Analysts had been waiting to see what kind of deal Aetna would produce. It was expected the insurer would look to pure-play Medicaid providers, such as Centene and Molina Healthcare, or to Health Net or WellCare as possible contenders.
WellPoint will pay $4.9 billion for Amerigroup, which has about 2.6 million Medicaid members in 13 states and 35,000 Medicare Advantage members. The HealthSpring deal gave Cigna 340,000 Medicare Advantage members.
“The window is shutting,” said David Windley, an analyst with Jefferies & Co. “There aren't that many large major buyers left.”
While the Coventry deal boosts Aetna's Medicaid membership by 932,000 members, it also increases its total commercial and government business by 3.8 million medical members, including the addition of 253,000 Medicare Advantage members. The insurer said its government business will grow from 23% of pro forma revenue to 30%.
The deal puts Aetna in a position to benefit when Medicaid eligibility is expanded under the Patient Protection and Affordable Care Act in 2014.
It also positions the insurer to take advantage of demand driven by baby boomers as they enroll in Medicare programs.
“The acquisition of Coventry, when combined with our existing Medicare capabilities, gives us a leading franchise across each of the major products of Medicare,” Aetna Chairman, President and CEO Mark Bertolini said last week during a conference call. “This broad Medicare portfolio positions us to capture our fair share of the growing Medicare marketplace as baby boomers enter the program in greater numbers over the years to come.”
Bertolini ranks No. 2 this year on Modern Healthcare's 100 Most Influential People in Healthcare list.
The deal is a “strategic move to be in a good position for all of the Medicaid enrollees who are coming on board,” said Brad Ellis, an analyst with Fitch Ratings.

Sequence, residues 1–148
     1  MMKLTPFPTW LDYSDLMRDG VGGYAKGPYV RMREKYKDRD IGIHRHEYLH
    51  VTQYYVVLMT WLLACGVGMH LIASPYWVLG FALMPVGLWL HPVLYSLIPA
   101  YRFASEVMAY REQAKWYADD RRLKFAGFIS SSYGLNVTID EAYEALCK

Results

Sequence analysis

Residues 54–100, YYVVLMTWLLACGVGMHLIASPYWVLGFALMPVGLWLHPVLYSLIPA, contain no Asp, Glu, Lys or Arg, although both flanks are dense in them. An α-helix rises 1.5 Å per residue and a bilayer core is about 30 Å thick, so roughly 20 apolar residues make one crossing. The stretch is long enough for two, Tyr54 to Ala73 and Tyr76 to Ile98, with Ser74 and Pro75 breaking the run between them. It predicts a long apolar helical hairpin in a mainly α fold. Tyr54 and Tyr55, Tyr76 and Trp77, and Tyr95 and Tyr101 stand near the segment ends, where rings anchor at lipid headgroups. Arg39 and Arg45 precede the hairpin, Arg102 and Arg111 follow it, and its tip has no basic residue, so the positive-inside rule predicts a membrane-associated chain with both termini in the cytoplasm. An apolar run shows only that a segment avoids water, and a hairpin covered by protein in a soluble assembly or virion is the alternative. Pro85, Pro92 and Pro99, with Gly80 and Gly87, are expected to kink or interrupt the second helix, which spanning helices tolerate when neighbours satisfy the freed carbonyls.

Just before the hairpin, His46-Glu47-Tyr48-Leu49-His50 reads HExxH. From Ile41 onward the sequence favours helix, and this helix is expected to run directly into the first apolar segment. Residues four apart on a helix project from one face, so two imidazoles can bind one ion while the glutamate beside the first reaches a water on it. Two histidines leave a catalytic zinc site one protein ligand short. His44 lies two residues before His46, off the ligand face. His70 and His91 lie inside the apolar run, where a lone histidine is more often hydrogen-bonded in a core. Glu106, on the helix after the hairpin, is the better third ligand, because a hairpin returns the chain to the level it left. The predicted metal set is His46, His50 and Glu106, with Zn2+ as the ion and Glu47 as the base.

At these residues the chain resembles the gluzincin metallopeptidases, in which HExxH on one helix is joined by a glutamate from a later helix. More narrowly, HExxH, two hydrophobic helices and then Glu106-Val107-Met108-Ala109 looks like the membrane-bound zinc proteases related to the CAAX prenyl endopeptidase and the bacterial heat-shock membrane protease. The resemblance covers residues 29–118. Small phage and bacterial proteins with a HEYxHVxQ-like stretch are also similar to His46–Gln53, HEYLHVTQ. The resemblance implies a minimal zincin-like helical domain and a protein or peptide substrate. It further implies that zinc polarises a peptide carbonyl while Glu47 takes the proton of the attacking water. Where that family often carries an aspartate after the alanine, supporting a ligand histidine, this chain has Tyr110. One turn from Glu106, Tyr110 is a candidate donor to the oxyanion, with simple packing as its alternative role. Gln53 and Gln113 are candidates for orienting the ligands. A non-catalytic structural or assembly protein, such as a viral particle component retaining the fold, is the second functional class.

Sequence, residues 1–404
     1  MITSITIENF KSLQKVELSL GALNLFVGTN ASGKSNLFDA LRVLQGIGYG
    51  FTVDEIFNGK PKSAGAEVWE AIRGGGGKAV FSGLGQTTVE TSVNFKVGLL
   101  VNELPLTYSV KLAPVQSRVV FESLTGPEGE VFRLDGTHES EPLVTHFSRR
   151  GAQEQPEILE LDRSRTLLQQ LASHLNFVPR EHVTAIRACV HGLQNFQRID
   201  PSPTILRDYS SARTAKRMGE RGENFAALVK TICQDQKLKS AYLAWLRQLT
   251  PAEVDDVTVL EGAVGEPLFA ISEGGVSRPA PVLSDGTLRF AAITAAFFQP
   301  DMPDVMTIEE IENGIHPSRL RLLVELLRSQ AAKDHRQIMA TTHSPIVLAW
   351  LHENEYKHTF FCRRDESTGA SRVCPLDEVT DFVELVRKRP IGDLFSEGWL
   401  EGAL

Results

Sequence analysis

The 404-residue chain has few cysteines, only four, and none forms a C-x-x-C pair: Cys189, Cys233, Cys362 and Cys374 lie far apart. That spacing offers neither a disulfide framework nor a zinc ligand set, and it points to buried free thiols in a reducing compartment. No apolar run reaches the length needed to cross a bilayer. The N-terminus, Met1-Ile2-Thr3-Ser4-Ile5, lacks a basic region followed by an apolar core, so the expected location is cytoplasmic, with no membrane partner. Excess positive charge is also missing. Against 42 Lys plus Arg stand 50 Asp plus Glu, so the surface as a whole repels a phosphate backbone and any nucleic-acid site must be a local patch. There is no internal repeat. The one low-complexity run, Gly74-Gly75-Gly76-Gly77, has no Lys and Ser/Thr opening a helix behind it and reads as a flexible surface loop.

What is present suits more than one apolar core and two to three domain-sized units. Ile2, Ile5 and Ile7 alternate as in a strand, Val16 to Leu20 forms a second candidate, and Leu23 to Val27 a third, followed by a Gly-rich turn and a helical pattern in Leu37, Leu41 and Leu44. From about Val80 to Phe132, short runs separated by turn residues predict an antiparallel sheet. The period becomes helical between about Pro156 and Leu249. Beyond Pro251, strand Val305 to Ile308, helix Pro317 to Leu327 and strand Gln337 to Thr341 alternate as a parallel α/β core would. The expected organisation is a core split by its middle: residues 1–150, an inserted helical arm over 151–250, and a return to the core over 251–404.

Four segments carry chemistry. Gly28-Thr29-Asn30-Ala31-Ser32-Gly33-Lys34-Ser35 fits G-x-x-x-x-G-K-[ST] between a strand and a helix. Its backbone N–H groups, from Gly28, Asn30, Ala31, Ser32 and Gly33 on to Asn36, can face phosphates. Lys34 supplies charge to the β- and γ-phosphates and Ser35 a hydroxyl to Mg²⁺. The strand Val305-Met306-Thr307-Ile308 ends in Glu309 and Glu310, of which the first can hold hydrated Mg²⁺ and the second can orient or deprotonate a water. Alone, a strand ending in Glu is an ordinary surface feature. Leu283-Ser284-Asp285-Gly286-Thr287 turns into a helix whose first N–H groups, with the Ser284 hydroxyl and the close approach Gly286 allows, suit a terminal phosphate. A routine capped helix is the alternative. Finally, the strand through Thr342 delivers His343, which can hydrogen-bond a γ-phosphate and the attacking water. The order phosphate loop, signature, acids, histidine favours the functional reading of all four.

While other deals may have increased the insurers' negotiating power with providers through the acquisitions of managed-care companies, Coventry's presence in mainly secondary markets isn't likely to significantly increase market share and negotiating power for Aetna, Ellis said.
However, Aetna's “significant investment” in forming accountable care organizations with providers may benefit from Coventry's presence in new regions, including its reach into four new states, Windley said.
Aetna has been the leader among insurers that have made the development of an ACO strategy and investment a priority, Windley said, with UnitedHealth Group and WellPoint also making substantial investments in accountable care.
The industry's rapid consolidation over the past year could also benefit providers as large insurers increasingly become involved in the management of the dual-eligible population, which may lead to lower healthcare costs and less waste, Ellis said.
The consolidation has caught the attention of regulators. Amerigroup disclosed in an Aug. 23 financial filing that the Justice Department had requested additional information pertaining to the deal from Amerigroup and WellPoint.
The addition of Coventry, which operates Medicaid managed-care plans in 10 states, will make Aetna the third-largest managed-care organization in the U.S.
“As one of the country's largest diversified health insurers, Coventry has long been a leader in providing insurance solutions for both the commercial and government sectors,” a spokeswoman said in an e-mailed statement. “The combined company will be positioned to leverage our investments, expand our portfolios to better serve a broader market and develop new partnerships with providers that enhance the quality of care.”